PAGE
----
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Celebrating the Wobble Wedge: The Restaurant Industry’s Secret Weapon

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How a deceptively simple piece of plastic straightened out the restaurant world.

The brand of table shim used by most restaurants around the world was inspired by a situation all too familiar to the average diner. Robert Bellows and his wife Terry Mae Cohen were eating out. The table was wobbly. Robert's soup ended up in his lap. The soup was red. But rather than brush off the experience and purchase a new pair of pants, Bellows let this moment change the next 30 years of his life. "Terry said, 'We can solve this problem,'" he recalls. "We started to invent the Wobble Wedge that day."

Wobble Wedges are a bit like the Post-it notes of the restaurant world: a commonplace item that, once invented, no one wanted to imagine life without. Countless restaurants across the country, from fine-dining establishments to fast-casual restaurants, use Wobble Wedges, but no one talks about it much. "Certainly not a single person has ever asked me about a Wobble Wedge, but I believe myself to be among the most experienced human beings with them on earth," says Steve Lynch, the regional manager of Four Peaks Brewing Company in Arizona. "It's one of those little things most people take for granted unless they've been in the trenches."

"It’s one of those little things most people take for granted unless they’ve been in the trenches."

According to Bellows, the resulting "overwhelming" response to the Wobble Wedge "defied all logic." And while he won't give exact sales figures, "it's a big number," he says. "We make a lot of wedges, and we're running our machinery constantly."

How the Wobble Wedge Was Born

A few years before the soup incident, Bellows had quit his job at Celestial Seasonings, the tea company based in Boulder, Colorado, where he lives. He had been casting about for something new, starting a notebook with various ideas for products and inventions he might want to try. As an artist who creates mostly large-scale metal sculptures, Bellows was looking to start a business with a low cost of entry and create a product that solved a universal problem — but the business had to allow for plenty of time to work on his art. Two outta three ain't bad: Over the last 30 years, Bellows hasn't had as much time to work on his sculptures as he would like — he didn't know just how successful Wobble Wedges would be.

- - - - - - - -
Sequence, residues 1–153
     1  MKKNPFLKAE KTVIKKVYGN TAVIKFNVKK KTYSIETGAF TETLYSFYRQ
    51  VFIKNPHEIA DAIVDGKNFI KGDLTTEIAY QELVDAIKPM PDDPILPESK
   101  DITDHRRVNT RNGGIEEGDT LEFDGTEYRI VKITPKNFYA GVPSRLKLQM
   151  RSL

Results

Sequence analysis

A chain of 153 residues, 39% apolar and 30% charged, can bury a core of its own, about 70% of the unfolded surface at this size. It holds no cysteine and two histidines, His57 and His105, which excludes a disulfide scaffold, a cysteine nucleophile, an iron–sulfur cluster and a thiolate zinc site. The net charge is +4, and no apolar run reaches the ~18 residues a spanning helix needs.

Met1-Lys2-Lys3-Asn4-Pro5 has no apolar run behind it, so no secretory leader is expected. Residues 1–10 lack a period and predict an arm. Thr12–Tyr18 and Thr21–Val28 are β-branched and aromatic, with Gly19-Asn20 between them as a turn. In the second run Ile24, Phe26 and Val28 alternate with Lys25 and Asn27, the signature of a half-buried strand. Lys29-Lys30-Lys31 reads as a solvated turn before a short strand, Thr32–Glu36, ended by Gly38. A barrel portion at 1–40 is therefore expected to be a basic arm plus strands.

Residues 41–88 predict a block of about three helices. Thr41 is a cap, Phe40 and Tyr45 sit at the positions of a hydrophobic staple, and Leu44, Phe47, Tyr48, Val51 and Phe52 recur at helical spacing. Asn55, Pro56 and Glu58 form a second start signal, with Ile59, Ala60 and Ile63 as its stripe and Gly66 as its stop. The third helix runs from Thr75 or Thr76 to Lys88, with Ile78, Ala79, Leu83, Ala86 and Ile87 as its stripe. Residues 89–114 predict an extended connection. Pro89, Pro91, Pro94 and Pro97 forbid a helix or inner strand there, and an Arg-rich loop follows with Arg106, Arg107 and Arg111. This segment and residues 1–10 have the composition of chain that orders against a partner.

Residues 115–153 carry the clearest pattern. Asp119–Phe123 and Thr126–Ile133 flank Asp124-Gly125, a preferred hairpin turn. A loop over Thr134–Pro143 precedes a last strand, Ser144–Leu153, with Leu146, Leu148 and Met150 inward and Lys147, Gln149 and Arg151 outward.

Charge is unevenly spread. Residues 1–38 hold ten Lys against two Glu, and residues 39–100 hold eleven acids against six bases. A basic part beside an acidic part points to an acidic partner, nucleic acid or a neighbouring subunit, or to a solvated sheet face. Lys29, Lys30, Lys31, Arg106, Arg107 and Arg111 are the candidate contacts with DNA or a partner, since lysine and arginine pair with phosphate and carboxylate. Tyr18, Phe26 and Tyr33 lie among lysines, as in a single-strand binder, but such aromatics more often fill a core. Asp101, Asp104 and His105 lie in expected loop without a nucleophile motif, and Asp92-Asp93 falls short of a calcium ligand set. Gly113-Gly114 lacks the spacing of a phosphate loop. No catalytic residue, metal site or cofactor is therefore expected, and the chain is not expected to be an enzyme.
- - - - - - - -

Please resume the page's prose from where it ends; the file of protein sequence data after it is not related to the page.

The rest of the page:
Bellows started with the standard wedge, the clear hard plastic model. At two inches long, it's the perfect size to slip under a table leg — which Bellows discovered by simple trial and error. "At two inches in length, they have just enough adjustment to fix almost any table wobble, and are the perfect fit on a keychain," he says. "Finding that perfect length was a simple process of hand-carving a few samples out of modeling clay and trying them out."

Together with John Mancino, a friend and the VP of production at Celestial Seasonings, Bellows designed a ridged wedge, built a mold, and began manufacturing in Longmont, Colorado, where the resulting wedge company still makes Wobble Wedges today. In 1987, he incorporated Focus 12, makers of the Wobble Wedge. Although the name Wobble Wedge has a clear meaning, Focus 12 was chosen precisely because it didn't mean anything, Bellows says.

The Wobble Wedge is deceptively simple, and over the years, Bellows has filed three patents. The patents cover the features of the Wobble Wedge that make it different than a simple piece of tapered plastic. Patented Wobble Wedges feature columns of ridges that allow wedges to lock together and prevent twisting, and the grab bar, an indent on the thicker edge of the wedge, that allows users to place and move the wedge with pliers. If the Wedge is the real thing, it has these patented features, along with a small, barely visible circle on the underside with the words "Wobble Wedge, Boulder, CO."

Over the years, Bellows and Focus 12 have added new models: the soft rubber-like wedge, which sticks well to slick, high-polished floors. The BigGap wedge is designed for outdoor cafes where tables are often placed on cracked or sloping sidewalks. The Mini-Wobble Wedges, one-inch versions of the standard wedge, are used for small wobbles or tabletop items that slant, like lamps. They all work together. The groves lock them in place.

"A lot of people have copied our wedge. They put out a piece of tapered plastic, and they call that a wedge," Bellows says. "We got into this with another intention. Our intention was to create something that is so useful and so packed with features that it's not only a wedge, it's a tool. And it's something that you can use for literally thousands of solutions to things, because they work together."